Vietnam and Uzbekistan seek to expand economic cooperation

Uzbekistan and Vietnam meeting in Hanoy
The Minister of Investment, Industry and Trade of Uzbekistan, Laziz Kudratov, during his visit to Hanoi, Vietnam (Credits: Ministerstvo Investicij, Promyshlennosti I Torgovli Respubliki Uzbekistan)

Geopolitical Report ISSN 2785-2598 Volume 28 Issue 4
Author: Guido Keller

Since Uzbekistan and Vietnam are expanding their economic cooperation and relations, Tashkent might promote its role in Central Asia as a regional interconnector. At the same time, Hanoi might support its foreign policy by establishing a strategic partnership with international and regional actors.

  • Uzbekistan and Vietnam’s cooperation in different fields reflects Hanoi and Tashkent’s foreign policy based on establishing a strategic partnership with different international and regional actors.
  • Since Uzbekistan’s strategic role in Central Asia, Vietnam might exploit Uzbek natural resources and territory to increase Vietnamese companies’ performance and presence in Central Asia.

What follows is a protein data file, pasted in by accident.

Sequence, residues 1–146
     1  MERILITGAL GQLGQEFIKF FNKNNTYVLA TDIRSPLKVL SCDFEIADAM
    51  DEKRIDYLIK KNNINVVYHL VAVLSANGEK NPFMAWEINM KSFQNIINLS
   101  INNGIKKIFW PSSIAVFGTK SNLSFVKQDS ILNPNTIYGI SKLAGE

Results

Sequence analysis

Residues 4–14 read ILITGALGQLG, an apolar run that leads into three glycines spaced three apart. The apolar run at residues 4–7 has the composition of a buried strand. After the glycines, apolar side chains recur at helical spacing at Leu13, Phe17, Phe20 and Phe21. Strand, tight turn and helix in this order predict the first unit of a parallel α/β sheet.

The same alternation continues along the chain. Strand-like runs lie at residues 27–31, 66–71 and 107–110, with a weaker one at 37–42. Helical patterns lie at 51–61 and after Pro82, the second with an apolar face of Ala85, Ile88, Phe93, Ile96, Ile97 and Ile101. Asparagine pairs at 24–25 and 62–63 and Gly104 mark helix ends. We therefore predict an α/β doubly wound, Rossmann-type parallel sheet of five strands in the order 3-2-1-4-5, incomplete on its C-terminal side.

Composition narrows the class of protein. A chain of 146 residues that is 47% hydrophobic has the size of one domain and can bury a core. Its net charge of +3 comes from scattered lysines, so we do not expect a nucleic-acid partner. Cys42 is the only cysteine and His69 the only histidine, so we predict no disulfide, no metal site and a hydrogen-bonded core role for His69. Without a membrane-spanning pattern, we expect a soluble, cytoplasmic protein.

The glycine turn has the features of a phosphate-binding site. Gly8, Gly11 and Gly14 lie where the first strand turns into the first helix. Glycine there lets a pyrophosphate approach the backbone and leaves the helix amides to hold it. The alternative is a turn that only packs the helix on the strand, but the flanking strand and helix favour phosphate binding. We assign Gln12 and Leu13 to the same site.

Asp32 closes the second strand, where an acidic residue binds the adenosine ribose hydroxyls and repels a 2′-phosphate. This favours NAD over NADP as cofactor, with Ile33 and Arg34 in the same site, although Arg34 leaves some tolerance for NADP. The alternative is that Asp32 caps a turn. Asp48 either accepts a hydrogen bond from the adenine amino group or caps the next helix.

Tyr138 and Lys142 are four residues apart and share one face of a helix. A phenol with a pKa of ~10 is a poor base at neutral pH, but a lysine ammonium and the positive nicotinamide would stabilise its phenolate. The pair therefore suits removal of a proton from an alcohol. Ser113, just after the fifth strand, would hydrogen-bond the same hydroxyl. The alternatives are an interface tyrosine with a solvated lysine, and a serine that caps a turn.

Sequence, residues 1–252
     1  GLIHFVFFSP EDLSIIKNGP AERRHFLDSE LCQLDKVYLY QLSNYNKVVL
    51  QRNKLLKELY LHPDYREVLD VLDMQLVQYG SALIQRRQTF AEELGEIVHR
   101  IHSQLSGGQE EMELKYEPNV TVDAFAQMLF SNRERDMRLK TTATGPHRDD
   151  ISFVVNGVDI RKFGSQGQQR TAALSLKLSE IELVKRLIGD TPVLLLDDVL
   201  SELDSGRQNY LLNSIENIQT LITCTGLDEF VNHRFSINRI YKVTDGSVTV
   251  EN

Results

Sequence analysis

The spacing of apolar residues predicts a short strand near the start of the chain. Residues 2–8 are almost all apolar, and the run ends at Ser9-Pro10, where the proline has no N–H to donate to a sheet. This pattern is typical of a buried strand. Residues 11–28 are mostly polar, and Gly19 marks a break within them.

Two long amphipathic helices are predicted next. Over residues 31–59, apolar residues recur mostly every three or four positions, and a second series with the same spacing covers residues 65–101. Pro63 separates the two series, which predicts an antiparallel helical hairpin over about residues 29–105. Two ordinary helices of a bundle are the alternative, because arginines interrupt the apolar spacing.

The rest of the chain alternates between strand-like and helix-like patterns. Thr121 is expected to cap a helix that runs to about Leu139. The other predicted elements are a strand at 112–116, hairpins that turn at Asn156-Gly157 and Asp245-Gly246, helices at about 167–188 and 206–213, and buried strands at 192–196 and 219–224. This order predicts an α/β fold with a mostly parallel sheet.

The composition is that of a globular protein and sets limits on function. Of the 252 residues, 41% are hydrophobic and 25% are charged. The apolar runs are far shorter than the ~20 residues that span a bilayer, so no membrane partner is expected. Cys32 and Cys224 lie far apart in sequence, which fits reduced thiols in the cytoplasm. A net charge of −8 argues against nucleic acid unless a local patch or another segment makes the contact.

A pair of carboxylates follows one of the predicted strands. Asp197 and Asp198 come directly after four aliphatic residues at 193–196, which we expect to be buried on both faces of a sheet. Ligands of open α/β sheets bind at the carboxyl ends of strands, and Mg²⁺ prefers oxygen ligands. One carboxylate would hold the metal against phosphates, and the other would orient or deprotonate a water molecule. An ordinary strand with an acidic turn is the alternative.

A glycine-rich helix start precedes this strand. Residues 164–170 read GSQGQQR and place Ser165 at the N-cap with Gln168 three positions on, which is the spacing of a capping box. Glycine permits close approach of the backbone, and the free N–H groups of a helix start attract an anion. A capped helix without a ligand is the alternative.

• As an ASEAN member and due to its position in the Indo-Pacific region, Vietnam might offer Uzbekistan an attractive market capable of supporting Uzbek companies’ presence in South-East Asia.


On February 7th, 2023, the Minister of Investment, Industry and Trade of Uzbekistan, Laziz Kudratov, during his visit to Hanoi, met with the Minister of Planning and Investment of Vietnam, Nguyen Chi Dung, as well as the President of the Chamber of Commerce and Industry of Vietnam Pham Tan Cong, and the heads of ten Vietnamese leading companies and associations.[1]